Multilayer neural network with deep belief network for gearbox fault diagnosis
Zhiqiang Chen^{1} , Chuan Li^{2} , RenéVinicio Sánchez^{3}
^{1, 2}Chongqing Engineering Laboratory for Detection Control and Integrated System, Chongqing Technology and Business University, Chongqing, China
^{2}Research Center of System Healthy Maintenance, Chongqing Technology and Business University, Chongqing, China
^{3}Department of Mechanical Engineering, Universidad Politécnica Salesiana, Cuenca, Ecuador
^{2}Corresponding author
Journal of Vibroengineering, Vol. 17, Issue 5, 2015, p. 23792392.
Received 8 May 2015; received in revised form 5 July 2015; accepted 15 July 2015; published 15 August 2015
Identifying gearbox damage categories, especially for early faults and combined faults, is a challenging task in gearbox fault diagnosis. This paper presents multiple classifiers based on multilayer neural networks (MLNN) to implement vibration signals for fault diagnosis in gearbox. A MLNNbased learning architecture using deep belief network (MLNN_{DBN}) is proposed for gearbox fault diagnosis. Training process of the proposed learning architecture includes two stages: A deep belief network is constructed firstly, and then is trained; after a certain amount of epochs, the weights of deep belief network are used to initialize the weights of the constructed MLNN; at last, the trained MLNN is used as classifiers to classify gearbox faults. Multidimensional feature sets including timedomain, frequencydomain features are extracted to reveal gear health conditions. Experiments with different combined faults were conducted, and the vibration signals were captured under different loads and motor speeds. To confirm the superiority of MLNN_{DBN} in fault classification, its performance is compared with other MLNNbased methods with different finetuning schemes and relevant vector machine. The achieved accuracy indicates that the proposed approach is highly reliable and applicable in fault diagnosis of industrial reciprocating machinery.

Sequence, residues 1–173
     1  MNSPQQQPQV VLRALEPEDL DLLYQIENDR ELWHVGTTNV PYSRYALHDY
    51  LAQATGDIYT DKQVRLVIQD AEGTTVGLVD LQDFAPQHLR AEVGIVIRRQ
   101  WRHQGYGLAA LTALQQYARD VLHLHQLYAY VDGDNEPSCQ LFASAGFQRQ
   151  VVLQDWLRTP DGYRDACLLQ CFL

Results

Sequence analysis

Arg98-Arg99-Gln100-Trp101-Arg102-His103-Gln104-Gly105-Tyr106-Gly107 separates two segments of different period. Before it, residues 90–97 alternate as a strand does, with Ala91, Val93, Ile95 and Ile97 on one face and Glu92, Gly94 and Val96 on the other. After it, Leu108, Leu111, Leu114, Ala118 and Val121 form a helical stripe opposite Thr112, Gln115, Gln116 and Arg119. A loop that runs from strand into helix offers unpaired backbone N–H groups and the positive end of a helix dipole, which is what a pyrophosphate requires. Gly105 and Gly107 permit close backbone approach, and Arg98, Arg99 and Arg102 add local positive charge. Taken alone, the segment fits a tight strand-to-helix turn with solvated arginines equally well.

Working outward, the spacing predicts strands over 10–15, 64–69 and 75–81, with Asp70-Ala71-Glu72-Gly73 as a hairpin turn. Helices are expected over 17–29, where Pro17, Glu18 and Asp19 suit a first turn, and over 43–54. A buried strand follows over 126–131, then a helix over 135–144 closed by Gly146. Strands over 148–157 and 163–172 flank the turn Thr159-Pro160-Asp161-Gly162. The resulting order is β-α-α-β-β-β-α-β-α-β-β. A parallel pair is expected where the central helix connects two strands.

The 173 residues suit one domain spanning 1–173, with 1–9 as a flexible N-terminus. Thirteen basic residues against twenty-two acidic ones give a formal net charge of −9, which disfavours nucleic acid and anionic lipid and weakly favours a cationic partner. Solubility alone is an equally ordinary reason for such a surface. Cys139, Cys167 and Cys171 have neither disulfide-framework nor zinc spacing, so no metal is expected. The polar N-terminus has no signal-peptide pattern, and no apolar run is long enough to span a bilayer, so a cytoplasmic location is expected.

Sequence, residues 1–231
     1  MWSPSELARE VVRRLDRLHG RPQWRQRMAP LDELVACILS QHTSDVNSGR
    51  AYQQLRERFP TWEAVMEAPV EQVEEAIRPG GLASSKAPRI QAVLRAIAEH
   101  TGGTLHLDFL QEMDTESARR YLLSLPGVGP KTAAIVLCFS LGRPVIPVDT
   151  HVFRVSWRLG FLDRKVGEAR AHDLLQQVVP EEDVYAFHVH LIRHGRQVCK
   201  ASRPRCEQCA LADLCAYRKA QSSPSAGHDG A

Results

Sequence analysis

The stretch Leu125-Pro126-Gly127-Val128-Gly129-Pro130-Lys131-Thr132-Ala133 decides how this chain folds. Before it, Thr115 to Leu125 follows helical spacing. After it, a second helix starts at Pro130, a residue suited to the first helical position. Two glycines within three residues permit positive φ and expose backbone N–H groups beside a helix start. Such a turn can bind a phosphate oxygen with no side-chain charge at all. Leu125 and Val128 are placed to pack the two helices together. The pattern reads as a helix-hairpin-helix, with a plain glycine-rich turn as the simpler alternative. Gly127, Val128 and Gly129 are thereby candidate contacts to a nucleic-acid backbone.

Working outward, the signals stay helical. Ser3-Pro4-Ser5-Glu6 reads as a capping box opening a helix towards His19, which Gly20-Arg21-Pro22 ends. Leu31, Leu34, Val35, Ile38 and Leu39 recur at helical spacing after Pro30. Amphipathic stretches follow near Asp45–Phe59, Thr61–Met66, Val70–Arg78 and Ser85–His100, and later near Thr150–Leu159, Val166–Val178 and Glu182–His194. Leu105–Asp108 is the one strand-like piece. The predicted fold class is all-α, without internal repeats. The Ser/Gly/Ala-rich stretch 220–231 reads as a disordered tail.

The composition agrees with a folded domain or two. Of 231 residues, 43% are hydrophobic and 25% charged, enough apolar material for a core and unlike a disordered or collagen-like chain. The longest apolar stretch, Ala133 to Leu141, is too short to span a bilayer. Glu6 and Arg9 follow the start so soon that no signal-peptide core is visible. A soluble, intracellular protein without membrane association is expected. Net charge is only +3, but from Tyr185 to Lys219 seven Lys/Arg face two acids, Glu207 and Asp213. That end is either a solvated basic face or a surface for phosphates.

Keywords: neural network, deep belief network, gearbox, vibratory signal.
1. Introduction
Gearboxes play crucial roles in the mechanical transmission systems, are used to transmit power between shafts and are expected to work 24 hours a day in the production system. Any failures with the gearboxes may introduce unwanted downtime, expensive repair and even human casualties. Therefore it is essential to detect and diagnose faults in the initial stage [14]. As an effective component for the conditionbased maintenance, the fault diagnosis has gained much attention for the safe operations of the gearboxes. The gearbox conditions can be reflected by such measurements as vibratory, acoustic, thermal, electrical and oilbased signals [58]. Among above symptoms, the vibration analysis is the most commonlyused technique for the reason that every machine is considered to have a normal spectrum until there is a fault, where the spectrum changes [9, 10]. The vibration signals have been proven effective to reflect the healthy condition of the rotating machinery.